Author:Agnes Gagyi (University of Gothenburg)
Paper short abstract:
The paper analyzes the alterglobalist and post-2008 left movement waves in Hungary and Romania, with a focus on how academic-activist interactions, mediated by an unequal relationship to Western European versions of the movement, set the conditions of local activist thought and strategy.
Paper long abstract:
When anthropology takes a supportive stance towards left movements, its analytical power is often overshadowed by an identification with the emic notions of the movement itself. Such a blanket of symbolic coherence can obstruct not only the anthropological understanding of the movement, but also the self-reflection of the anthropological gesture vis-a-vis the movement. In the case of movements with an educated constituency, the interaction between movement ideology and sympathetic academic research can be especially intimate. The last two waves of what was considered a global left movement were of that character: alterglobalization and post-2008 Occupy-type movements were both deeply inspired by academic interpretations of globality, and also contributed to the canonization of left academic trends. In such cases, the responsibility of research towards movements needs to go beyond symbolic identification, and do what anthropology can do: investigate how global structural processes, institutional and intellectual interactions, including that with academic research, relate to the lived experience and efforts of the people within the movement. Such an analysis can throw a light exactly on those points of movement constitution which become hidden by the rules of the symbolic field of emic self-understanding. Relying on those principles, the paper analyzes cases of those two left movement waves in Hungary and Romania, with a focus on how academic-activist interactions, doubly mediated by an unequal relationship to the framing power of Western European versions of the movement, set the conditions of local activist thought and strategy.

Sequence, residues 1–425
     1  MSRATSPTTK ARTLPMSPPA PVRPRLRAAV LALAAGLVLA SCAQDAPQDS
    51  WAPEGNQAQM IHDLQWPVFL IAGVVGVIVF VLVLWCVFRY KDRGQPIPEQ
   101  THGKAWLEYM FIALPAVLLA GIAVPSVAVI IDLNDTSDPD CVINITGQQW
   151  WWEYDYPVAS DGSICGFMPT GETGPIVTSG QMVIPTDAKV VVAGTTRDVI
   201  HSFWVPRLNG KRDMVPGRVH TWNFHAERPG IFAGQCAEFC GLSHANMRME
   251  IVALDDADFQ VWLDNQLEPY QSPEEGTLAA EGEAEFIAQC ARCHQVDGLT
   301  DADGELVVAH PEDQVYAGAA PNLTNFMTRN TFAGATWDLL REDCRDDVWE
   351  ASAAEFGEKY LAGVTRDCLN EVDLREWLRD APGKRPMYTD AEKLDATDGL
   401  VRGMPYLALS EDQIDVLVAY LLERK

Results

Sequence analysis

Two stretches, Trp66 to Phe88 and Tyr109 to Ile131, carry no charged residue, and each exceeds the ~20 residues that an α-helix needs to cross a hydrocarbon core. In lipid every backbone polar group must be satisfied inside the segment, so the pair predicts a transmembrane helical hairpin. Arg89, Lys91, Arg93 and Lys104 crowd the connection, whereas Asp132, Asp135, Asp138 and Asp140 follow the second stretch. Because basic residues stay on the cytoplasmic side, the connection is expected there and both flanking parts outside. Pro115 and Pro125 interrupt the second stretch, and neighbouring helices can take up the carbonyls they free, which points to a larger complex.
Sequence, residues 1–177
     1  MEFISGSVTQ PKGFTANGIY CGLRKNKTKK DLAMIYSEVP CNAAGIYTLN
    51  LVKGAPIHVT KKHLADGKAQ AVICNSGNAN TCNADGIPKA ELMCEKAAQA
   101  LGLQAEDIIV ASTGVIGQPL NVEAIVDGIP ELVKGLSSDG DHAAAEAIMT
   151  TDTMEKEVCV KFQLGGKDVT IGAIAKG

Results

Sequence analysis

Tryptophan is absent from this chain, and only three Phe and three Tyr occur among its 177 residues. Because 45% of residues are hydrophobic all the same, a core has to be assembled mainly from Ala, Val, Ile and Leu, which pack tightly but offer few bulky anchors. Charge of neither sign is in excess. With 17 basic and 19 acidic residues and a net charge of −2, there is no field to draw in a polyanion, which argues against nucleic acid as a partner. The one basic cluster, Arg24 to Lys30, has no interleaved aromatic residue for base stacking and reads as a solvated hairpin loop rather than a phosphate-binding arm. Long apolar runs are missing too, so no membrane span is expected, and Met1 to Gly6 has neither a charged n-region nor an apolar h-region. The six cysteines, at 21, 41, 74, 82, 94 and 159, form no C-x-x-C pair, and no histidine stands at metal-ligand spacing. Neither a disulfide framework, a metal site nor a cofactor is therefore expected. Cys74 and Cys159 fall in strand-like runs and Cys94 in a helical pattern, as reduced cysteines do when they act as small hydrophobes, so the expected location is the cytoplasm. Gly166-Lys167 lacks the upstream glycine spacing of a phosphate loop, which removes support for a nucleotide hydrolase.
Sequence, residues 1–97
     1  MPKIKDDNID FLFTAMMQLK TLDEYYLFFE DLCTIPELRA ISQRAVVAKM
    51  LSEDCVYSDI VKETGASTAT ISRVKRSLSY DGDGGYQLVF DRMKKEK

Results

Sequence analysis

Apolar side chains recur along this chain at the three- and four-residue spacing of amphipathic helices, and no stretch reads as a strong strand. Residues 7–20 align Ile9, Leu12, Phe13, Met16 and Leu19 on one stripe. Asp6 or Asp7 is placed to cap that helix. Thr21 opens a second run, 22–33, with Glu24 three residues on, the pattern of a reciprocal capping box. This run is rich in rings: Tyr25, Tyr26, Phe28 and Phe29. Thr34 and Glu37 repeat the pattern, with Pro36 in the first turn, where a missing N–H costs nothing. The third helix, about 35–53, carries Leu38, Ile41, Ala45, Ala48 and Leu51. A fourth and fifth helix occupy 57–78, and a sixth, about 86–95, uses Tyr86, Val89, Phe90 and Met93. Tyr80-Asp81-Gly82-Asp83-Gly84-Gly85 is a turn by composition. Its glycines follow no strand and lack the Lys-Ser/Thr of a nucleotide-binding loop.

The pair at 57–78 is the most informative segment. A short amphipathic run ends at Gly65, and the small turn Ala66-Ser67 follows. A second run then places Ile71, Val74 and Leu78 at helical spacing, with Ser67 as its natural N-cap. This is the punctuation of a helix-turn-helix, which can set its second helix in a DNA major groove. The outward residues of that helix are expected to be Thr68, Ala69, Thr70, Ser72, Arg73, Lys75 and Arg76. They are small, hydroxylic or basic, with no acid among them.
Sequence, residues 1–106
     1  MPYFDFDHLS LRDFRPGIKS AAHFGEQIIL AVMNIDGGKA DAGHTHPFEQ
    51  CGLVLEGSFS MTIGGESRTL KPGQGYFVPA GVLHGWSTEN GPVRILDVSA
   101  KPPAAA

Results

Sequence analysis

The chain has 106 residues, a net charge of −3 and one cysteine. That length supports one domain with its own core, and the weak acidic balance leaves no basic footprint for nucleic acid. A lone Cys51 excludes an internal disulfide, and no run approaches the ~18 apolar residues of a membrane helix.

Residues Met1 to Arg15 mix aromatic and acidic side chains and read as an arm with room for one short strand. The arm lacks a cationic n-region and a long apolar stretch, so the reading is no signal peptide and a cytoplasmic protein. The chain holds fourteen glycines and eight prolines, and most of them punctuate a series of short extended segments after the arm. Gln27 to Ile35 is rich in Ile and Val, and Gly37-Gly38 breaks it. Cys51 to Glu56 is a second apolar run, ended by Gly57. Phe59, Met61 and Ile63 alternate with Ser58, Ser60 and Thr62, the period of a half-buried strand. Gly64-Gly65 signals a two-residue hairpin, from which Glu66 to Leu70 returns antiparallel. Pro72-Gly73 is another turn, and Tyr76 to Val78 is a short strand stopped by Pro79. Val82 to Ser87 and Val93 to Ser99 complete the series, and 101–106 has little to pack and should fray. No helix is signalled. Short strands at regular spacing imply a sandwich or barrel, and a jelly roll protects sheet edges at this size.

Ethnographies of the contemporary left